The X Factor episode 8 recap, Judges’ Houses #2, October 16, 2011.

Enrique Iglesias assists Nicole Scherzinger in judging the Over 30's talent (all photos courtesy Fox)

Welcome to the second installment of the Judges’ Homes auditions, where 32 acts must eventually be culled down to sixteen. We saw sixteen performances in the first installment and we will see sixteen more tonight. “It’s time to face the music!” Host Steve Jones welcomes us from Paris, letting us know that there are eight acts within each group of Boys, Girls, Over ’30’s and Groups. {See the earlier Episode 7: Judges’ Homes #1 post for a complete list of contestants within these groups.}

The first performance for tonight’s show is by 16-year old Jazzlyn Little. She’s a bundle of nerves, missing her mother and brother at home, hoping that she can succeed here because “I don’t want to do anything else. If I go home, that’s devastating.” Jazzlyn sings Gloria Gaynor’s I Will Survive with incredible clarity and a crisp yet smooth voice with a nice touch at the end of most lines. She’s got this one down pat. Simon is joined by vocal coach Savan Kotecha and music producers Graham Stack and Ray Hedges. Simon thinks she’s good but Savan says, “It’s a little high school talent show to me.” Simon looks over his sunglasses at Savan with an expression that says, “What? I hired you for this?” {Scorecard: A- for a very good performance with crystal clear lyrics and finely nuanced vocal expressions without overdoing it. Maybe Savan needs to go back to high school.}

Next up, from the Boys category, is 26-year old Brennan Hunt from Nashville, Tennessee. He says, “I’m sexy and I know it,” adding that he has the looks, the voice, the total package (note the order he places those). “I want to be the biggest superstar on this planet… I want to be bigger than Lady Gaga.” Needless to say, he thinks big. He sings Corinne Bailey Rae’s Like A Star. He sings well enough, but the tone is monotonous and his performance looks a bit forced without genuine feeling. Technically, he’s sound, but performance wise he doesn’t seem to connect. Rihanna begins by saying he has a good tone and rasp, but something seems corny about it. She and L.A. Reid aren’t convinced he’s superstar material, even if he himself thinks he is. {Scorecard: B- for perhaps a technically sound performance, yet lacks genuine emotion and connection.}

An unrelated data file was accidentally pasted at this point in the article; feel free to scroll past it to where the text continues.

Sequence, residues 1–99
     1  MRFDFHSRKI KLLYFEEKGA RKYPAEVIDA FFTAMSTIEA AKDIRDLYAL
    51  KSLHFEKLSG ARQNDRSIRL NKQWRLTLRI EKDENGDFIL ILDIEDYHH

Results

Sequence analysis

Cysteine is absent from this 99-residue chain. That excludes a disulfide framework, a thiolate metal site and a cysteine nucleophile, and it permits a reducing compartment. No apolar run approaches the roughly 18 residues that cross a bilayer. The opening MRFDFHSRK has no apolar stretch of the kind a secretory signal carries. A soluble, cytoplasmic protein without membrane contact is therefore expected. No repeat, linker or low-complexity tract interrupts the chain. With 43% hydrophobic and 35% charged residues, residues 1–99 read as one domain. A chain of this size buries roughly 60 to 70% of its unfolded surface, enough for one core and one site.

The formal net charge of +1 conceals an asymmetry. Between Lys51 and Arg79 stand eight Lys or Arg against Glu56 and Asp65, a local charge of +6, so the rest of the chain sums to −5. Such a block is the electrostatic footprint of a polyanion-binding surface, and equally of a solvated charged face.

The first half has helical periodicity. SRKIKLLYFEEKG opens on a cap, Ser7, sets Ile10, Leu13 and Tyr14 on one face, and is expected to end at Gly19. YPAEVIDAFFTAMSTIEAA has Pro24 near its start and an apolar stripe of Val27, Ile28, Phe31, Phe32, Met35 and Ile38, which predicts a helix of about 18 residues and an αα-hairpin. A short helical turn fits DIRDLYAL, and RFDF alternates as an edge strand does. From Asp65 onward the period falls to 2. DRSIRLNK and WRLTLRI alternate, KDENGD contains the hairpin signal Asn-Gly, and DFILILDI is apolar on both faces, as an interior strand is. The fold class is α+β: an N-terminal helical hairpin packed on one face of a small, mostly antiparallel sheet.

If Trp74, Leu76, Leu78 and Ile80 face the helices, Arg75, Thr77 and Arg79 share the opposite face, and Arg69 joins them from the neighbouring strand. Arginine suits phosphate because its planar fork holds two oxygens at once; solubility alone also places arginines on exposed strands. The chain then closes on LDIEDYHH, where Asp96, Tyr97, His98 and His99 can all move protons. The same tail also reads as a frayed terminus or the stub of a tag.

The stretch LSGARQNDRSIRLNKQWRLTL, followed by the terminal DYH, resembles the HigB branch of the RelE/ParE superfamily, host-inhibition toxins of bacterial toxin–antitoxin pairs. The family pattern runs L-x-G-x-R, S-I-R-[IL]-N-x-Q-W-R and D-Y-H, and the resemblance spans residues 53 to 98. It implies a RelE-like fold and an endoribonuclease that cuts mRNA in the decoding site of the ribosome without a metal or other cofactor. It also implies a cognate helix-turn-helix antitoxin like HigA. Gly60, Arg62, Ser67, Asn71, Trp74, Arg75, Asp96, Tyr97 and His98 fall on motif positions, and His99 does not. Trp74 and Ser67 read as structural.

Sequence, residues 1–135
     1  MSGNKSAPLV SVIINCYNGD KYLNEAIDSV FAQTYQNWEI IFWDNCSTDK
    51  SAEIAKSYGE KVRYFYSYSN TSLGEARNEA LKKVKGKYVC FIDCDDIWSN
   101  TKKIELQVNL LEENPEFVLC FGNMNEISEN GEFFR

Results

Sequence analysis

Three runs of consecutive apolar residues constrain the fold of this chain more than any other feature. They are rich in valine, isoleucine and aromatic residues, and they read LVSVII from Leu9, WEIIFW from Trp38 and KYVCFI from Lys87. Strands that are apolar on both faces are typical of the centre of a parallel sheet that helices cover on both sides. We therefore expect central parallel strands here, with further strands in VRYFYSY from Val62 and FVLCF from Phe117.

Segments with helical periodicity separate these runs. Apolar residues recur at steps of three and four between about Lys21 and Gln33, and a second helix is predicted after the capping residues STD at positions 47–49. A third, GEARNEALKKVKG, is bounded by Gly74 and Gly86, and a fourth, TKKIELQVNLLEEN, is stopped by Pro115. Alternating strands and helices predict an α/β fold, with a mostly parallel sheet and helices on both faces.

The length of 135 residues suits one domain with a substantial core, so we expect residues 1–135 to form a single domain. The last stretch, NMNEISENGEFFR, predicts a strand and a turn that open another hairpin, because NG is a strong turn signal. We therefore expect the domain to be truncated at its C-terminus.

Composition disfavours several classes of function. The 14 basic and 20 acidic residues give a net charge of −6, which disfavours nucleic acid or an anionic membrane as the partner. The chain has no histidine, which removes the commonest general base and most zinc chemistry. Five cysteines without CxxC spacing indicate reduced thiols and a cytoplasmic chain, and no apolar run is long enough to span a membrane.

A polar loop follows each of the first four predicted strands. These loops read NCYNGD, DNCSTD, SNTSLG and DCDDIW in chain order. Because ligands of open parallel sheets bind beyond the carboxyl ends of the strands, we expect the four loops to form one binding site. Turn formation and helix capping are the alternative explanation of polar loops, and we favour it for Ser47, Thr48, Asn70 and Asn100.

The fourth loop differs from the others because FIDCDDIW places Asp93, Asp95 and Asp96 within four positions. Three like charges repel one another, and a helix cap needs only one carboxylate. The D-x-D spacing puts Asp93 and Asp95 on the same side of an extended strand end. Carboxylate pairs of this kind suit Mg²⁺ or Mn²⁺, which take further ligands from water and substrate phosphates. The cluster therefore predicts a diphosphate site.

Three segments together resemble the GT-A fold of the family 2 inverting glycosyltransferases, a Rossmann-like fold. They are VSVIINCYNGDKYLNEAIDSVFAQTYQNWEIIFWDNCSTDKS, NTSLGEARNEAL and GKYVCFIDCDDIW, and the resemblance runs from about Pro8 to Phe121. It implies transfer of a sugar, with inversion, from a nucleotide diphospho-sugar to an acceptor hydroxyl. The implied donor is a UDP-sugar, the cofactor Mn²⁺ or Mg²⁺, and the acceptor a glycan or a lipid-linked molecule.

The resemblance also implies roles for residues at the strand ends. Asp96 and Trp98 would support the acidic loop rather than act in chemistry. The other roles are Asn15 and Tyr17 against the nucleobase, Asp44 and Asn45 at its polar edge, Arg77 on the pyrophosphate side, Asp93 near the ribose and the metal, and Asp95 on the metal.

{Reminder at the break! The next show is on Tuesday at 8/7c. The World Series doesn’t wait, even for Simon Cowell.}

From Houston are the five-some of John, Justin, Trey, K.G. and Trace as the Stereo Hogzz. These guys are freaked out by the the trees and the “grass with no ants in it” which they go rolling around on. It becomes clear that they come from a concrete jungle. Trey has just become a father of a newborn daughter and he wants to win the competition for her so she won’t have to be exposed to the kind of life he has been. They line up on the patio in a choreographed stance just before they begin I Heard It Through the Grapevine. It begins with a solo and then kicks in with them all singing the chorus. They switch solos, with the others doing complementary voices in harmony. All the while, they are dancing in choreographed synchrony. Pharrell says the lead guy is genuine Motown and Paula gets up and gives him a big shake, “That’s who they are.” Paula is in a doozy today. Interpret that how you will. {Scorecard: B+ for a good, polished group vocal performance with synchronized choreography to boot. However, their version of it doesn’t seem to quite match up other more stellar covers of this classic song. Nonetheless, they’re fairly sure to advance.}